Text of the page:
he wants to remove assad from syria for years. this has been a consistent point. affirmative partnership, look, -- the american people will not tolerate boots on the ground. i heard things i liked, when he wants to get partners involved, and i heard things that i didn't like about maybe putting more american service men on the ground there. i don't like the sound of that, and i don't think the american people will either. >> well, he said boots on the ground, and he said he was not supposed to answer. thank you very much. short on time obviously, but the president's remarks this afternoon, but we do appreciate your time. and certainly we're going to follow this strategy and this story. david, over to you. >> cheryl, the other big story of the day, the troubled country marking another day without a deal. we are live in the ground with what's next for greece in a moment these two oil rigs look the same. can you tell what makes them so different? did you hear that sound? of course you didn't.
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copd includes chronic bronchitis and emphysema. spiriva is a once-daily inhaled copd maintenance treatment that helps open my airways for a full 24 hours. spiriva helps me breathe easier. spiriva respimat does not replace rescue inhalers for sudden symptoms. tell your doctor if you have kidney problems, glaucoma, trouble urinating, or an enlarged prostate. these may worsen with spiriva respimat. discuss all medicines you take, even eye drops. if your breathing suddenly worsens, your throat or tongue swells, you get hives, vision changes or eye pain or problems passing urine, stop taking spiriva respimat and call your doctor right away. side effects include sore throat, cough, dry mouth and sinus infection. nothing can reverse copd. spiriva helps me breathe better. to learn about spiriva respimat slow-moving mist, ask your doctor or visit spirivarespimat.com >> so what's next for greece?
here's what we know right now. the european central bank maintaining its hard line sending no more cash to the country, and thus in more new money to the atms. greek banks will be closed and shut down for at least a couple of days according to four banking sources. a new finance swan. swan.(witnesssworn.ecl) in one who maybe more diplomatic, but no less ideaological of his predecessor, and something the ims said today and that's quote we are monitoring the situation and stand ready to assist greece if requested to do so. so with all that, let's bring in today's panel, we don't have much time, capital management, lees also fox news contributor along with rob hardy from geostrat.com. so, john, i look at the imf statement, and i see the possibility of a bailout. do you? >> yeah. eventually that might be the case. but for the time being, it's hard time times for degrees. there's a liquidity crunch,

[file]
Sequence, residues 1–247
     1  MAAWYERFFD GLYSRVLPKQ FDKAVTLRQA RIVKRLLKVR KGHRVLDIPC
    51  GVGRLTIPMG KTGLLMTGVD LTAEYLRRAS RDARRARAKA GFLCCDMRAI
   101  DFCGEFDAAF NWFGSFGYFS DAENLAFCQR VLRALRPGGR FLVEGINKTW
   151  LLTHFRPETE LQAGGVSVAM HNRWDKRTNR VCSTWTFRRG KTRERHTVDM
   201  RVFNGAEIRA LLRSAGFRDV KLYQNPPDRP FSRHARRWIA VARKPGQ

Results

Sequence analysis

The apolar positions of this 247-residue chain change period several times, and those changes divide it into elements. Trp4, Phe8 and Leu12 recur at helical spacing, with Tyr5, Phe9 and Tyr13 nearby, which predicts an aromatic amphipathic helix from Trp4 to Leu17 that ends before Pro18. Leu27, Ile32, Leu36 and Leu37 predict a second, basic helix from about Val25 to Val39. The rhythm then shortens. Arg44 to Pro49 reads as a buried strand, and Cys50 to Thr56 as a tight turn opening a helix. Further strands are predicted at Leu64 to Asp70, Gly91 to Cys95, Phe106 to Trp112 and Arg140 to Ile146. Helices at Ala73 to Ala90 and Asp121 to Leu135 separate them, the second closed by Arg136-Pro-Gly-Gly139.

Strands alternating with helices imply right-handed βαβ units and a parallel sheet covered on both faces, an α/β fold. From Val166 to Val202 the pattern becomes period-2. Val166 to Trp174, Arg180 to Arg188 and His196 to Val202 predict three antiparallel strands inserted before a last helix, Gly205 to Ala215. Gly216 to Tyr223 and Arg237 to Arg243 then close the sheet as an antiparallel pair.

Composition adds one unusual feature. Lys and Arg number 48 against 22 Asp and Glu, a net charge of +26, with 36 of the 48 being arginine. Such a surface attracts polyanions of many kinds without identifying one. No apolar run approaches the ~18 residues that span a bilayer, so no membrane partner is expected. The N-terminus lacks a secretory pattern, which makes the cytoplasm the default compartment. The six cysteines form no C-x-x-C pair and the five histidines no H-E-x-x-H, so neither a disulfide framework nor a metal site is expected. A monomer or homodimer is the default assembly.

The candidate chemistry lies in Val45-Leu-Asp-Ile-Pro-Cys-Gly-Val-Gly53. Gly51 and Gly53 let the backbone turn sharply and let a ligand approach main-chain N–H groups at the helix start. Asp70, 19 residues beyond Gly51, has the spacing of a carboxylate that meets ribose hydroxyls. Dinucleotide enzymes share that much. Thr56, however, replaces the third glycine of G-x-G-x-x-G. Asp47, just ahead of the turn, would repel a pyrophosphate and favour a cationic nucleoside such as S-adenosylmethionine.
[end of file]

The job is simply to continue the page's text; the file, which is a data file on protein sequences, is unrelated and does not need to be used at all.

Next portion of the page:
how do businesses get working capital? >> well, gather, the imf has capital about $200 billion worth thanks to taxpayers. they could big into that capital. we could see another taxpayer bailout of greece because it is us taxpayers who give the imf their money. >> david the old line when you own a little bit of money, it's your own problem, but when you owe a ton of money, it's the lenders money, and that's why there's going to be a bailout. the lenders are going to get killed on this. but for me, the biggest problem is debt and leverage is now front and center, the not only there, but here and everywhere else. and just remember '07 it was ledger that brought down the house and there's a lot out there today. >> and there were also riots in greece not long ago. if the atms run out of money, which is going to happen in a week, what happens then? >> well, so far we have not seen any kind of violence that the rival crowds have not which had adam relevant armed, we've seen no fighting between the groups.
i -- when economies go down, they tend to deinvolve, they don't ride at first. they will use things like gold, precious stones, they will barter. i don't see an out break of violence. >> i don't know, gary, i remember about four years ago when they had the rioting in the greece, they burned down one knowledge, if not one person or more were burned to death, so violence is rare, but it is not -- it has happened before in greece. >> well, look. there is an eventualality to all of this. greece is never, ever going to pay back the debt they owe, and something is going to giving. i can promise you the greek people are going to go nuts because not having money, not having money for substance is going to get them a little riled up, and we're going to see something that what you're talking about. >> but, john, it is a democracy, and we just saw the
results of the democrat, 61% of the greek people vote not to give in on this issue, so they're stuck. >> they are. it's a self inflicted wound, and they're going to suffer accordingly. i'm pretty sure the imf is going to perhaps maintain hard terms if greece wants to come up with the capital, they need to survive. >> i don't know. the former wall street journey editor said relevant said the imf is just a collection agency for the banks. the banks want money, the imf has the money, i think they're going to cry uncle. i think the imf is going to cry uncle. >> oh, there's no doubt. look, everybody is in each other's ears, and when you're owed a ton of money, and it's going to impact you in a negative way, you're going to find any and every way out of the situation. but, again, when you are greece and you're taking in 50 cents and paying out a dollar, it's only -- ends badly. and they could have fixed this up a few years ago, instead they kept lending more and